I arrived Frankfurt am Main yesterday after a brief stop over at Charles de Gaulle airport in Paris. Parrésia Publishers Ltd was invited to the 2014 Frankfurter Buchmesse, popularly the Frankfurt Book Fair, and I was honouring that invitation. It was a doubly significant invitation in that, firstly, it heralds further recognition for this company I co-founded with Azafi Omoluabi-Ogosi, following the shortlisting of Abubakar Adam Ibrahim’s The Whispering Trees for the 2013 Caine Prize for African Writing. Parrésia was the only in-Africa publisher at last year’s Caine.
Secondly, it is my first time in Europe. The magic of Europe, as far as Frankfurt is representative, is its order. The downside of Europe, for me, is that the Germans don’t seem to eat any rice at all. My palate remains Nigerian and unyielding.
Today was an introductory event organized by my hosts, LITPROM, the Society for the Promotion of African, Asian and Latin American Literature. A total of 24 participants were drawn from these respective geographies. Other African participants included Bryony van der Merwe (Namibia: Wordweaver Publishing House), Abdulai Sila (Guinea Bissau: Ku Si Mon Editora), Suleiman Adebowale (Senegal: Amalion Publishing), Timothy Richman (South Africa: Burnet Media), Hassane Bennamane (Algeria: Dar el Oumma) and Mohammed El-Bady (Egypt: Sefsafa Publishing).
I was on a panel coordinated by Doris Overlander of the Frankfurt Book Fair. It comprised Volodymyr Samoylenko (Ukraine: Nika-Centre Publishing House) and Marwan Adwan (Syria: Mamhoud Adwan Publishing House). The subject of the panel was “Publishing and Bookselling in Difficult Markets”.
I made the case that distribution and marketing remain Parrésia’s most formidable difficulties, for the problem of quality, both in terms of content and book aesthetics has been solved reasonably well. I also expressed the hope that, following a rejig of the company by the end of the year, the rise in e-commerce would solve the issue of distribution and that our partnership with our agents, WriteHouse of Ibadan, would lower our handling costs and thus free up more money for marketing. To the question of interference by the State in the form of censorship, I noted that, sadly, the Nigerian State has not cared to censor any book recently having taken care to arm citizens, over the last few decades, with an education that can only foster ignorance, not curiousity, definitely not a curiousity to read books or to open minds to inquiry. The most recent instance of interference, the attempted imposition of a new import duty regime, was done mostly out of policy recklessness and not a perverse, censorious intent. Such recklessness is, of course, a symptom of the education system.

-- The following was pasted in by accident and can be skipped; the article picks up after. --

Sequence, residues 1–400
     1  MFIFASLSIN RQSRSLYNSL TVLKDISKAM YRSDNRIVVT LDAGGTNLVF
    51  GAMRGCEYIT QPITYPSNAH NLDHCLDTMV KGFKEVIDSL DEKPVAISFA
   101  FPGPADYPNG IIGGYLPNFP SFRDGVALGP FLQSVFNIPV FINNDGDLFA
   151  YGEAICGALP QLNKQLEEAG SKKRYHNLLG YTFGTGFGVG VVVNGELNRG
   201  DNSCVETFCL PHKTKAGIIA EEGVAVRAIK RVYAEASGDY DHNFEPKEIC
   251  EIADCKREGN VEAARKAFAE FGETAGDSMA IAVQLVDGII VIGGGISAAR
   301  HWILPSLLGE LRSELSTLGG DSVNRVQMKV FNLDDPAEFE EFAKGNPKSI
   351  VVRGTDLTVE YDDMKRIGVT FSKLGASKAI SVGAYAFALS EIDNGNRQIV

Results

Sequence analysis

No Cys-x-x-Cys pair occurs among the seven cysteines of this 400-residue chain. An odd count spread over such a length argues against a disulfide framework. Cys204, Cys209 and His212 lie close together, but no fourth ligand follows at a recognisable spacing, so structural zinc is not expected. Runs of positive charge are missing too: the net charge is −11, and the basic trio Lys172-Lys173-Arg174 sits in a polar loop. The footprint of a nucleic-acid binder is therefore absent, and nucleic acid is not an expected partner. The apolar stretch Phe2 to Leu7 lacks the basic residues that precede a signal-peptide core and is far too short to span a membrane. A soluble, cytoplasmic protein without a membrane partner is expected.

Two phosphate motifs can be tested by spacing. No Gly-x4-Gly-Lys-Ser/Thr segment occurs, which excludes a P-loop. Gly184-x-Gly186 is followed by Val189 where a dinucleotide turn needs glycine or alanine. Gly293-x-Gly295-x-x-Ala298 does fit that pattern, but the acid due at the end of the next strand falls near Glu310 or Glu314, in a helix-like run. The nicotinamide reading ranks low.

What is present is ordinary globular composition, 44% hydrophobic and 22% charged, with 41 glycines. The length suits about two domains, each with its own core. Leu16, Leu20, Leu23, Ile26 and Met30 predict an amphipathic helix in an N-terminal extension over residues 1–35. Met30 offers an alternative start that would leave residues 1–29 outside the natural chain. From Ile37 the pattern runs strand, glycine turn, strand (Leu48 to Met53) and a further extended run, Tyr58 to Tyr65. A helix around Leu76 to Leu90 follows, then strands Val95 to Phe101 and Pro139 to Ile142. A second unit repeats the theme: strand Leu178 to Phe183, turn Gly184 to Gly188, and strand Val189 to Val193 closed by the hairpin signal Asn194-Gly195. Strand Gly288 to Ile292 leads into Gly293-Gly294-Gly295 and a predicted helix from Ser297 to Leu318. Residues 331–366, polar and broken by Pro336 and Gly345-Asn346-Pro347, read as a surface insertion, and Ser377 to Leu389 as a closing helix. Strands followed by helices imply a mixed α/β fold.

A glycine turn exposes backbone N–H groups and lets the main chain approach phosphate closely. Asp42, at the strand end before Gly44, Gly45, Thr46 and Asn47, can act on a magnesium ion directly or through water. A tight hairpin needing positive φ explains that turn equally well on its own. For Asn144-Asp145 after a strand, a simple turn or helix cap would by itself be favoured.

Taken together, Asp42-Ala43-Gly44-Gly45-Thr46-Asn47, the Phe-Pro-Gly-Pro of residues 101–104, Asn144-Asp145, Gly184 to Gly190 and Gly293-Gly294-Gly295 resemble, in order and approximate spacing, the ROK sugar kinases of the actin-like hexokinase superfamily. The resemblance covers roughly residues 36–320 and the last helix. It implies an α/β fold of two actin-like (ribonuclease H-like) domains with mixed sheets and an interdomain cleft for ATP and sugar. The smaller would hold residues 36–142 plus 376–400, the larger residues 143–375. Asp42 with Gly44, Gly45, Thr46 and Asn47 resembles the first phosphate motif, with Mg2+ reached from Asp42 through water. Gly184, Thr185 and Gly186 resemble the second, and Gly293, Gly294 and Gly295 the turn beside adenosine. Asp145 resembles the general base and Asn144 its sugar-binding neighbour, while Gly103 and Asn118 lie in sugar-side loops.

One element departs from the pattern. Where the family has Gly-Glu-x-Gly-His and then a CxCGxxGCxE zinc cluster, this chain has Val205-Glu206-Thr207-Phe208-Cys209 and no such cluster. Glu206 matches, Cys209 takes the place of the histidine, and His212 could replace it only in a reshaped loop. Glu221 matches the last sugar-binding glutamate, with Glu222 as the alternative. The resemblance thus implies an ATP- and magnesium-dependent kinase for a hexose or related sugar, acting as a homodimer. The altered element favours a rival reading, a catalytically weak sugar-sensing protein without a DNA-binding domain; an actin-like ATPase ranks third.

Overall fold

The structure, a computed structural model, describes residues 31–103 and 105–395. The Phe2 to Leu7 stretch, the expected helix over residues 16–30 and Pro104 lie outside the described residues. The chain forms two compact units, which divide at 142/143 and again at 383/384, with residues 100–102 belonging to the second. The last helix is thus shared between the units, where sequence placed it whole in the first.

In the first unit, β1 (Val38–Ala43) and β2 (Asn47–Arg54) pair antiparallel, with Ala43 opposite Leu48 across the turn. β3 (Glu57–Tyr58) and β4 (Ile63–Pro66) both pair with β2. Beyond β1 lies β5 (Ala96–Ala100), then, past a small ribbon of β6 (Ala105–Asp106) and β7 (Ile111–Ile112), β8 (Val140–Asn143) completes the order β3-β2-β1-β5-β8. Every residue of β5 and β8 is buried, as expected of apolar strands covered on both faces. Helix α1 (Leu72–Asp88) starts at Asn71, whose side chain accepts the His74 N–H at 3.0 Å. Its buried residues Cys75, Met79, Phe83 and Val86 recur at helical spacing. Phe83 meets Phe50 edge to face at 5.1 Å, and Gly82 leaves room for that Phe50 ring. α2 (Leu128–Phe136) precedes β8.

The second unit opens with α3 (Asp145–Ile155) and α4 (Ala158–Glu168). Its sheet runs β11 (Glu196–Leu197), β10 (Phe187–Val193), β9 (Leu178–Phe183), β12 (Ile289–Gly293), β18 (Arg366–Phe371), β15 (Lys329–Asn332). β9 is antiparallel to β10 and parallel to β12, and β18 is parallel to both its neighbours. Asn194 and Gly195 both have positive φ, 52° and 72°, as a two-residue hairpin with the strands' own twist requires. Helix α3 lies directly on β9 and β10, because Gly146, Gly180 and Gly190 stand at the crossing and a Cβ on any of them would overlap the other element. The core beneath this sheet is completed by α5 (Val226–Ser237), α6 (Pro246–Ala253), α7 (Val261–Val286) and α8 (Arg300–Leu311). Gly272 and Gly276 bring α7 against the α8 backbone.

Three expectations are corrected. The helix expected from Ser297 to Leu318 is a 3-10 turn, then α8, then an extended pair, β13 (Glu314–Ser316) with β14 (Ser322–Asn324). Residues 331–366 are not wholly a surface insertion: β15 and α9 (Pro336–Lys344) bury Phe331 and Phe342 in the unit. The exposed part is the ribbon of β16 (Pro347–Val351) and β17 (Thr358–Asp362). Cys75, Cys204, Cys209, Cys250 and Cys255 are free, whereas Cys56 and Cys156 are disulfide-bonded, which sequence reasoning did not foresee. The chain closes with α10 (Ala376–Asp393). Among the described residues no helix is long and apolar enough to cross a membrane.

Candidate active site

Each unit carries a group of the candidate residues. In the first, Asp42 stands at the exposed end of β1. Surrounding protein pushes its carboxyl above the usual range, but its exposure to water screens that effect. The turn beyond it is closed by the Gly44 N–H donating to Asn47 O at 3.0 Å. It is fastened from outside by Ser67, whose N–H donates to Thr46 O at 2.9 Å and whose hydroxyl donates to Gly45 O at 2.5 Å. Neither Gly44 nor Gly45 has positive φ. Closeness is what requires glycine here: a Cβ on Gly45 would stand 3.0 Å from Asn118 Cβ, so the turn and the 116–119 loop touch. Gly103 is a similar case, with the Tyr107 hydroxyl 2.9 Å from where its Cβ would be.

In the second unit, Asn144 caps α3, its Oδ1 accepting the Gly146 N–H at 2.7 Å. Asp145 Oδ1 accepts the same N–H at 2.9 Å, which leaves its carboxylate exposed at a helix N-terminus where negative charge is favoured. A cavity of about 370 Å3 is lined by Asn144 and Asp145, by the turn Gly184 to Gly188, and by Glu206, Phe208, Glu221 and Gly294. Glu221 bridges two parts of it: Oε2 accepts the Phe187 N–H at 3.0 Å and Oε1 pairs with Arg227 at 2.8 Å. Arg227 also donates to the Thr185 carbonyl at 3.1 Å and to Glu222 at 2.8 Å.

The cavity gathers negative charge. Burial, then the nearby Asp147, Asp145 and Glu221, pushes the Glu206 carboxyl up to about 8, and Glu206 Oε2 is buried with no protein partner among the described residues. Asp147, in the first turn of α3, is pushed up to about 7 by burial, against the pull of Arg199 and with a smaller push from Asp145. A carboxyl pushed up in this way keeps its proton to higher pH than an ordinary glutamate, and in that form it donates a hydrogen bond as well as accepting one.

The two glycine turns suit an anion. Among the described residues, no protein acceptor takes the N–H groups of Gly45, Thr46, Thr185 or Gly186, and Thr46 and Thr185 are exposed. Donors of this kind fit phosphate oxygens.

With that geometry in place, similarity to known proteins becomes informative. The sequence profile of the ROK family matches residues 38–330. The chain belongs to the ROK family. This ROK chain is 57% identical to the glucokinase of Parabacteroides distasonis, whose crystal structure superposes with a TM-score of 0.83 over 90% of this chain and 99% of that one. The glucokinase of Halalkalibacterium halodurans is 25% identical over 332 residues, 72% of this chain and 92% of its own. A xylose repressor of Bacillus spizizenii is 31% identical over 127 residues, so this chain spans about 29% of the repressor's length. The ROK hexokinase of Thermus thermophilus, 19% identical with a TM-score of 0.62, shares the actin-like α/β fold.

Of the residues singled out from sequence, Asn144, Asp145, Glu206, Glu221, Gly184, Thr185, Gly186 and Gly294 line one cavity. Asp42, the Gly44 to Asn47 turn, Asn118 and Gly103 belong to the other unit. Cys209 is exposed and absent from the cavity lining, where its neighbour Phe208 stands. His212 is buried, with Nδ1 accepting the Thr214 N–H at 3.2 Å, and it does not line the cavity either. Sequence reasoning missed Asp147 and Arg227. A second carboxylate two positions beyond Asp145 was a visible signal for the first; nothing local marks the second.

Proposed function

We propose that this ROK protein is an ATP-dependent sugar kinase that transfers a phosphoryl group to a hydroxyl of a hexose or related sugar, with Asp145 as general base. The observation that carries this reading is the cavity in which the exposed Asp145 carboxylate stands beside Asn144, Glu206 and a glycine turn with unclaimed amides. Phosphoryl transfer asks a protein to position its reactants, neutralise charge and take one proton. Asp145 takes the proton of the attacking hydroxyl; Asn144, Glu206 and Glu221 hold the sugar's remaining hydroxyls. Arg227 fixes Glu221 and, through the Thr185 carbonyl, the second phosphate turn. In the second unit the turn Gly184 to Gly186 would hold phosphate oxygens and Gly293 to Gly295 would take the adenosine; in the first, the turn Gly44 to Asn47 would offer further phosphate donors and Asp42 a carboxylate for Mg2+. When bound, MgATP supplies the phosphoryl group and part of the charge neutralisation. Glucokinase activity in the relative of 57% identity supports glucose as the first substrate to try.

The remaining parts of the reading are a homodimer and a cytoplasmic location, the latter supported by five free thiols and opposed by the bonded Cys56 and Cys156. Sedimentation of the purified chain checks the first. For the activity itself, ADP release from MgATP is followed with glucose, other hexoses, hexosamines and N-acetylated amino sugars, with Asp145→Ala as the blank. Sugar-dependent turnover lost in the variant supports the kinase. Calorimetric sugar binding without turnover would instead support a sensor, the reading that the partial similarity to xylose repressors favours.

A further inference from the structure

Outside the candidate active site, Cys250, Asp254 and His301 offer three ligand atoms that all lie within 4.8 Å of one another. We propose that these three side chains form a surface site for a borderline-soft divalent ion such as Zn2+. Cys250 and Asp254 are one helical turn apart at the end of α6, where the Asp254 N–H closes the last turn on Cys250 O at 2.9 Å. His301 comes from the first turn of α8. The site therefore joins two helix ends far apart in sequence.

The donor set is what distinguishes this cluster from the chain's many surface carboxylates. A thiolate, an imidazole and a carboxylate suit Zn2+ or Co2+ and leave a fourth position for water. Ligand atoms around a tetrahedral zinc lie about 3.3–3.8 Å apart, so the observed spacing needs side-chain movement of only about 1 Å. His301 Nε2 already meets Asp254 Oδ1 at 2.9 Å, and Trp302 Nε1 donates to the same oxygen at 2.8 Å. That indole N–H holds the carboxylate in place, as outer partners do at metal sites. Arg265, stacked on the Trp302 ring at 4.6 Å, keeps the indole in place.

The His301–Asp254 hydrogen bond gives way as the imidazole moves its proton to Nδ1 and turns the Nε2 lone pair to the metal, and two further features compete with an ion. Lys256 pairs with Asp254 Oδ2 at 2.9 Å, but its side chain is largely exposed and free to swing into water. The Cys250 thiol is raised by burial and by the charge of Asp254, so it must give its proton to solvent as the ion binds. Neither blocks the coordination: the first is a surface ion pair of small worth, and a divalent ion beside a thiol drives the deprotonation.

Volodymyr Somaylenko then gave a very emotive account of the way the war with Russia has affected his book publishing business adversely. His prewar figures showed an impressive picture of 1.5 books to every citizen in Ukraine being published and sold each year. The proxy war with pro-Russian separatists has seen a dwindling of these figures. It was very touching when Volodymyr presented Doris Overlander with a Ukrainian flag.
But by far the most touching presentation was the one by Syrian Marwan Adwan, whose publishing house is named after his late father, the poet Mamhoud Adwan. His PowerPoint slides detailed the devastation of Syria and its currency and with this the purchasing power of its people. It is inexpressibly sobering when a young man lists, amongst his operational challenges–
1.) People getting killed.
At one point, he asked, “How can people buy books when they need to buy food?” and, to highlight the danger that the business of publishers like him face even without the State interference of a Syrian regime too belaboured to censor books–“Extremists don’t like books and other opinions (either). But we are a publishing house and we (always) have other opinions.” To the question, Why Are We Here? he showed this slide:
HOPE. It is for this boy that Mahmoud Adwan Publishing House remains in business, in Syria, even as Marwan himself is an exile now living in Dubai. He said staying in business, against all odds, is his way of saying “Don’t do war. Reading is a way out of this.” He received an ovation. Suleiman Adebowale was very touched by the presentation and expressed our admiration for Marwan’s “bravery”, suggesting co-publishing to bridge the gap in getting the word on Syria out. In words that remain with me even now, Tamara Nachkebia from Tblisi, Georgia advised that Mamhoud Adwan Publishing House publish even more children’s books because “children must not be affected by war.”
This is a highlight of my first day in Frankfurt. I look forward to the workshop on rights tomorrow and preparing the Parrésia Stand for the Buchmesse proper starting Wednesday the 8th, October.